How Do You Measure Content?
Posted by Katie Zacharkiw

Ever-improving technology means we are better at tracking where our content goes, how they got there, who’s reading it, how long they spent looking at it, did they click any links? With all the data available, what should you be measuring? And once you have the data in front of you, what the heck do you do with it? 

Because content varies so widely there isn’t one good universal answer, but I’m here to offer you a few tips. 

Save yourself a lot of time with a content hub

Trust me, you don’t want to manage email from one platform, your website from another, social media on five different channels, and so on, when you have the option to manage them all from one system, or at least just a couple. Condense as much as possible to streamline both distribution and reporting.

Always start with content strategy

Have a plan and a goal for your content, before you start creating it. If you have a clear measure of success, like number of clicks on a CTA, you’ll know exactly what data to look at to see if the content succeeded.

You Don’t Need to Measure Everything

Just because the data is available, doesn’t mean it’s useful to you. The important data will depend on the goals you have for the content.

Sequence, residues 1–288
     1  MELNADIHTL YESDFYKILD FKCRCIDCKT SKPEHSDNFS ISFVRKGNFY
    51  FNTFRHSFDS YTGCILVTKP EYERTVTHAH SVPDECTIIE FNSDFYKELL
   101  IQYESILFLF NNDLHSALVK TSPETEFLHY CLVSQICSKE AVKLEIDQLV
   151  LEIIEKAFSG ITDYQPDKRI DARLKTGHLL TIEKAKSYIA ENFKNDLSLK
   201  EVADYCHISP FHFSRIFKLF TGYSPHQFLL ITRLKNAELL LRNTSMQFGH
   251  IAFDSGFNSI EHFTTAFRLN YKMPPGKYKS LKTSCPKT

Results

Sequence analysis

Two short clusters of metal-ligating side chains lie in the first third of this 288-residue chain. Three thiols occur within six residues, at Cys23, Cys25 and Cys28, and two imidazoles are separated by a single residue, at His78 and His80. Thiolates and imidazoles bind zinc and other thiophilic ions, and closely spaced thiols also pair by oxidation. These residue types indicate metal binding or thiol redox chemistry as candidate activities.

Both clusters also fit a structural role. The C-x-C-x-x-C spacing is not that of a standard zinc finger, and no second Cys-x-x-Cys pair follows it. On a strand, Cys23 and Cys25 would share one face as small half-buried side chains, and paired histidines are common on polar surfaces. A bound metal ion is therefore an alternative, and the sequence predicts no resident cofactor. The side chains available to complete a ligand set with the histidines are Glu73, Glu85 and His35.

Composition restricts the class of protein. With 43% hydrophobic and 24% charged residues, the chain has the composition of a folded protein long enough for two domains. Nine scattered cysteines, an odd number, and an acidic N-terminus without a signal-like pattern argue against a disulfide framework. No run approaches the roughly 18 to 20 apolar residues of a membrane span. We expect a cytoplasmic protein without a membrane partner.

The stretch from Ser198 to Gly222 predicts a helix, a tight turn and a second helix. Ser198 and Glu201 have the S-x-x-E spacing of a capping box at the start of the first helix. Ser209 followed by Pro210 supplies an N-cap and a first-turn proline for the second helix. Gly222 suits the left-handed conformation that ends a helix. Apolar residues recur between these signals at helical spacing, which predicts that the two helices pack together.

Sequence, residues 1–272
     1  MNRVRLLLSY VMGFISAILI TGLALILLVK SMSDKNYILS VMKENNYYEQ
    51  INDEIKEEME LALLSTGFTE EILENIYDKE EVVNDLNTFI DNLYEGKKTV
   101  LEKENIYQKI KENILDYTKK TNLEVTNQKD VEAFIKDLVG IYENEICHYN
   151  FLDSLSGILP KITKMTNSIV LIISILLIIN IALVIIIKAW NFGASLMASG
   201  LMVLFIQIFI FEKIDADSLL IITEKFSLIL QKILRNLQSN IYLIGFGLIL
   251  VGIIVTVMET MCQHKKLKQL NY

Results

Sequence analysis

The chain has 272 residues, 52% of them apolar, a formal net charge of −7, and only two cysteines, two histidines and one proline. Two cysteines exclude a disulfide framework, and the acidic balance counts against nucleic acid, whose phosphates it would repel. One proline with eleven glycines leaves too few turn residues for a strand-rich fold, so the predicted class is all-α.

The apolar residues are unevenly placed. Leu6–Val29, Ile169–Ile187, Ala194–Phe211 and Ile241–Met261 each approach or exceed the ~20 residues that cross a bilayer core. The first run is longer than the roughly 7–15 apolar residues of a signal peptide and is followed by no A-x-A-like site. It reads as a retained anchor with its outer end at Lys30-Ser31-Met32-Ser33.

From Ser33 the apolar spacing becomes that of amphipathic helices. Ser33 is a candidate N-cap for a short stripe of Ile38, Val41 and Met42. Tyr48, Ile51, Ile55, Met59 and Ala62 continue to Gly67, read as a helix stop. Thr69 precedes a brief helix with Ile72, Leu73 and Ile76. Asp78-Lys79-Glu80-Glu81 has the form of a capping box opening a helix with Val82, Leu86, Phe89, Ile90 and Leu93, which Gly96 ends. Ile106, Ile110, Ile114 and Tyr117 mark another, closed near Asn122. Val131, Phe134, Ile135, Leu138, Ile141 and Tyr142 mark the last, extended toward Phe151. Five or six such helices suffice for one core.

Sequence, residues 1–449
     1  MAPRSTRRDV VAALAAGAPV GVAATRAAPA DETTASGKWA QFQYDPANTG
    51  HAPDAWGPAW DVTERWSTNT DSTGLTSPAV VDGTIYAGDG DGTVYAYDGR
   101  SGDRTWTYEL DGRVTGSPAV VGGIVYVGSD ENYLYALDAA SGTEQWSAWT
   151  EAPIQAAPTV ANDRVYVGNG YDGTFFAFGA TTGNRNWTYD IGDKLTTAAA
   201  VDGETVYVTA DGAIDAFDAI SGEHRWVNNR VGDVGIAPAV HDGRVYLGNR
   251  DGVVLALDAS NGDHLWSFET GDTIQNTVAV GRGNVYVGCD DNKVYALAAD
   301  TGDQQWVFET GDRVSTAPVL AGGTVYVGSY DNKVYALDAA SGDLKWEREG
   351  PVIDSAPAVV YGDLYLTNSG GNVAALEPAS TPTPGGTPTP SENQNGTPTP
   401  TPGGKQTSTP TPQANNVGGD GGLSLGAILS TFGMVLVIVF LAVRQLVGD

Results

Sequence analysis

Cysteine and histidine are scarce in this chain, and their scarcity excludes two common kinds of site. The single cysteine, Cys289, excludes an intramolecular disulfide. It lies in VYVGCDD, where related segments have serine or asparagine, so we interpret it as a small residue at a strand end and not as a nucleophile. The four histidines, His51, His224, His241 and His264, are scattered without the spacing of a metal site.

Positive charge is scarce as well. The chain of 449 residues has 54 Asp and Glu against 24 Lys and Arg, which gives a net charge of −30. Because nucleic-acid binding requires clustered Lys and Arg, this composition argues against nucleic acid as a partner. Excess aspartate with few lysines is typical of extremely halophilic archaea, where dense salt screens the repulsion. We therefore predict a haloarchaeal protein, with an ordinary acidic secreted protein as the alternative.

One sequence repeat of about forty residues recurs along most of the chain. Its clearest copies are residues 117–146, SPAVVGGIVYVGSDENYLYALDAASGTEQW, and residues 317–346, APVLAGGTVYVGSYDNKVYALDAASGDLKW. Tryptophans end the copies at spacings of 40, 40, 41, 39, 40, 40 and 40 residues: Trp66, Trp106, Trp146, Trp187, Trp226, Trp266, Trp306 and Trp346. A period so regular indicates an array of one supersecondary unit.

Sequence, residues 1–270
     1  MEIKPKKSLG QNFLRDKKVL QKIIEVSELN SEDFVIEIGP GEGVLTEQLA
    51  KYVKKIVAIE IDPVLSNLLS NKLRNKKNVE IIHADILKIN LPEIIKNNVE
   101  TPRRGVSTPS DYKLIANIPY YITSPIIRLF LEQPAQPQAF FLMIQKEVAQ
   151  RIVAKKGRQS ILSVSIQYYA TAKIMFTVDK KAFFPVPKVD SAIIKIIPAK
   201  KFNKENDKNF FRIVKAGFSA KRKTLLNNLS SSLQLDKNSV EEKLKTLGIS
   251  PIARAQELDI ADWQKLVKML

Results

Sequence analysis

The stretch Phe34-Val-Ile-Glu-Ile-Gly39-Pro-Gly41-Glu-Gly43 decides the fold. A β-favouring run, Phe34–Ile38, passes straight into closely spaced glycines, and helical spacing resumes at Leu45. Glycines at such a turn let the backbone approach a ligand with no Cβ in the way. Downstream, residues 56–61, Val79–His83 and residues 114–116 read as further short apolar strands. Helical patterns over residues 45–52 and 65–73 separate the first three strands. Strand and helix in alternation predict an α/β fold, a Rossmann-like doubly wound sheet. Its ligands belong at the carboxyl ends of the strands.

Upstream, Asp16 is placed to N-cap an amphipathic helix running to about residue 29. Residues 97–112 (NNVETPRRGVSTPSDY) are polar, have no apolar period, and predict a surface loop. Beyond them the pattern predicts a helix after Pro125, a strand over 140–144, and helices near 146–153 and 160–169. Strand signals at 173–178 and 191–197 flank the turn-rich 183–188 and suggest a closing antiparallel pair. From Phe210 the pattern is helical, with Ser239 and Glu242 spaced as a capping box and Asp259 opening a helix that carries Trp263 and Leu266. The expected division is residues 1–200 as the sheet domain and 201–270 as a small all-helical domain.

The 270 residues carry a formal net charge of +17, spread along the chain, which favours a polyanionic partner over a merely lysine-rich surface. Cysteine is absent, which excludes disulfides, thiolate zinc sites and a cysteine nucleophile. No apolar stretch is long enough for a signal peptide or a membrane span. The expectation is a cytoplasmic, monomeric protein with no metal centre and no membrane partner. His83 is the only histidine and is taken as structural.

But You Do Need to Measure the Right Things

Again, the right thing will depend on what your goal is. Let’s say your goal is increase bookings for a new class. You decide to send out an email to advertise the class. In this case, success is measured by the number of new class bookings–rather than email open rate or number of clicks on the email CTA. It seems simple, but it’s easy to place importance on the wrong thing if you don’t have clear goals.

Listen to the Data

Using our earlier example, just because the open rate and number CTA clicks aren’t the final measures of success doesn’t mean they aren’t important. Let’s say you didn’t see the increase in class bookings you were looking for. Now the email data matters. A low open rate may mean a more enticing subject line is needed. If open rates were good but CTA clicks were low, it suggests the copy needs revision. The ultimate goal matters most, but understanding how you got there matters too so you can make improvements.

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